Meanwhile the Brussels-based International Federation of Journalists (IFJ) and the European Federation of Journalists (EFJ) wrote to leaders of the European Union to condemn the violence through their respective organisations and “take all actions, including sanctions, necessary under your rules and statutes to force the Ukraine government to respect the statutes of the Council of Europe of which they are a member and the conventions and covenants which they ratified.”
“The IFJ and its affiliate unions worldwide believe that the recent actions by the Ukrainian government, its Head of the Security Service, Oleksandr Yakymenko, and its Security Council, Andriy Klyuyev, are a step back from their international obligations and are aimed at instilling a climate of fear among journalists and at destroying freedom of speech, peaceful gatherings and political pluralism in the Ukraine,” said the letter signed by IFJ President Jim Boumelha and EFJ President Mogens Blicher-BjerregÃ¥rd.
RSFsaid the Ukraine-based International Media Institute (IMI) had a complete list of the injured went on to report that “Oksana Romanyuk, who heads IMI and who is the Reporters without Borders representative in Ukraine was again described as a ‘foreign agent’ – a synonym for a spy – by the state TV station ‘UT1′ last weekend.”
Meanwhile on Tuesday, January 21, in fresh confrontation five protestors were killed and 1700 injured reported AFP. Earlier, two anti-government activists were abducted. One of them Igor Lutensko, a civic sector coordinator, was abducted from Zhovtneva hospital in Kiev beaten and then left in a forest. He reappeared at Euromaidan with injuries later. The other, Yuri Verbytskii did not. His body was later found in the woods Ukrainskaya Pravda reported.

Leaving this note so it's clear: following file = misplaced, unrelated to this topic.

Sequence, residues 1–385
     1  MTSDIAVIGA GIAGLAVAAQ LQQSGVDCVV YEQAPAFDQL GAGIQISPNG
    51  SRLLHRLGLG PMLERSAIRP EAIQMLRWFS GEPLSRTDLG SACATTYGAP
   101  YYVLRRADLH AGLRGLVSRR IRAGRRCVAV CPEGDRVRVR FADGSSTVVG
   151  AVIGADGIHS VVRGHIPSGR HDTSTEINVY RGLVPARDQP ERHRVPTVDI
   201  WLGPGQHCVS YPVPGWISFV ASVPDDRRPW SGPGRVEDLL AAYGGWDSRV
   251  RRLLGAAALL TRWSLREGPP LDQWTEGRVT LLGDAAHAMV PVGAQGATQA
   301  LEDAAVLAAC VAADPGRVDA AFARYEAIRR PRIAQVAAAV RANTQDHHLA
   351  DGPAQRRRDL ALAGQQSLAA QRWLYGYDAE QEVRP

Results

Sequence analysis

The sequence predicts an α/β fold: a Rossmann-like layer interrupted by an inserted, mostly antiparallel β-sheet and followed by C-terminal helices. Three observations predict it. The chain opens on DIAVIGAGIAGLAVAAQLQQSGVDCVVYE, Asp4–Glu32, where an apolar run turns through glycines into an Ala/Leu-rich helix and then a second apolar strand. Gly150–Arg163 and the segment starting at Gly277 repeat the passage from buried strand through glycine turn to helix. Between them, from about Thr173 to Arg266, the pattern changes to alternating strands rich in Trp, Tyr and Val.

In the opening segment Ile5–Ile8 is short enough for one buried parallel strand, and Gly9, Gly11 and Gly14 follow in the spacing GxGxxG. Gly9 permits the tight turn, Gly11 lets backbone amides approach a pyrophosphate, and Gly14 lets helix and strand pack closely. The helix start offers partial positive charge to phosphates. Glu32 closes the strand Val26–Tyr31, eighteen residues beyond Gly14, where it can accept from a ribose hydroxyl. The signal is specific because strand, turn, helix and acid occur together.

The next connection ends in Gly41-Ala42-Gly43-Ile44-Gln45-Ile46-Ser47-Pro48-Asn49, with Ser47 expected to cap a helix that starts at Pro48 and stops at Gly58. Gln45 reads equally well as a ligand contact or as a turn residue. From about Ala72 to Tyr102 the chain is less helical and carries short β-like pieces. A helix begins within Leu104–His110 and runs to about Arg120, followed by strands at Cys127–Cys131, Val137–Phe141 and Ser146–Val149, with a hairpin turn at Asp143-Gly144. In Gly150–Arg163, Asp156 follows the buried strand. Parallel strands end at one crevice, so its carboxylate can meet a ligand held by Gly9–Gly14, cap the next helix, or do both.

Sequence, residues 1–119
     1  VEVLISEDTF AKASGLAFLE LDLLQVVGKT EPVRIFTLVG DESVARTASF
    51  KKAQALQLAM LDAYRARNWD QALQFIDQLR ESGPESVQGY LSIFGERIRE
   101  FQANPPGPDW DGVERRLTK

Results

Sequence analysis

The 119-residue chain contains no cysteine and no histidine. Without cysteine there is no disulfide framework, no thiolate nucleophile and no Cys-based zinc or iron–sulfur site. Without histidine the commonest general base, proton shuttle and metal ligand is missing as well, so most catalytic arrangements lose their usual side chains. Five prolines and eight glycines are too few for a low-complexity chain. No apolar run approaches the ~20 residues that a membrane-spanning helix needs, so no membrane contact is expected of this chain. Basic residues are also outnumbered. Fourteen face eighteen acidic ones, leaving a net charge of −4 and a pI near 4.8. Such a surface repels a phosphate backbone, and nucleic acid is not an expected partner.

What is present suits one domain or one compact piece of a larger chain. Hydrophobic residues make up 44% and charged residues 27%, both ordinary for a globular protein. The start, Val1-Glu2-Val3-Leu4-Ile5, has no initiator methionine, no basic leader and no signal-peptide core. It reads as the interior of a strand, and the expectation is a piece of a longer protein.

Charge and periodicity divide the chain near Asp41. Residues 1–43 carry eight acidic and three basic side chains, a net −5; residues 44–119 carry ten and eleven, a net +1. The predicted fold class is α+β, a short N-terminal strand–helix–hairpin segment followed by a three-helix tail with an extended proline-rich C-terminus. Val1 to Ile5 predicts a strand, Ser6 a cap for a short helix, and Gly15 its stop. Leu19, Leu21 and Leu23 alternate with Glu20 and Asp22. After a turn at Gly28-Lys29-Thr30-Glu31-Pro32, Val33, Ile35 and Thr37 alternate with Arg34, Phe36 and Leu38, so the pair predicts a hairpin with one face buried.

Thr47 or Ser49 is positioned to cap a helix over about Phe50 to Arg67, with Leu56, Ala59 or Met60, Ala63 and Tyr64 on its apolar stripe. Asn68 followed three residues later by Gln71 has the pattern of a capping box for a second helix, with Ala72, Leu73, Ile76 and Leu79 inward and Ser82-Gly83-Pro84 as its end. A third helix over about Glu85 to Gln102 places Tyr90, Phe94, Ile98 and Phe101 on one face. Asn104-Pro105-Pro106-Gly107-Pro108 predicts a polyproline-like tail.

On Wednesday Yanukovych had talks with opposition leaders that included Vitaly Klitscho, the former world heavyweight boxing champion who called for snap elections as a way out of the imbroglio. Meanwhile, The Guaradian UK said, Prime Minister Mykola Azarov was defiant blaming the victims for their own deaths. “The participants of these disturbances cannot be called peaceful. These are criminals, who are disturbing order. I want to officially state that the victims are the responsibility of the troublemakers.”
On Friday, (January 24), BBC said that Yanukovych had held talks with religious leaders and agreed to use all “legal measures” if a solution to the crisis is not found and “also promised to amend anti-protests laws rushed through parliament last week and reshuffle the government at an urgent session of parliament due to begin on Tuesday.” But BBC said as talks appeared to stall protests began spreading from Kiev to the regions as regional offices were attacked by anti-government dissenters.  

BBC Crew Forcibly Prevented From Speaking To Sri Lanka President

BBC’s James Robbins prevented from speaking to Rajapakse (Pic.BBC)



Freedom of the foreign media to cover events in Sri Lanka reached a new low on Wednesday. A BBC camera crew was physically restrainedby security personnel to prevent them getting close to the country’s president, Mahinda Rajapakse, to ask him questions. The incident occurred at an event associated with the Commonwealth Heads of Government Meeting (CHOGM) which Sri Lanka is hosting between November 15 and 17. 

Heightened security appears to follow an incidenton Tuesday, when a journalist of UK’s Channel Four television asked Rajapakse a question as the latter was getting into his car after opening the Commonwealth Business Forum. Media culture in Sri Lanka discourages reporters questioning officials and politicians except at press conferences or with an appointment.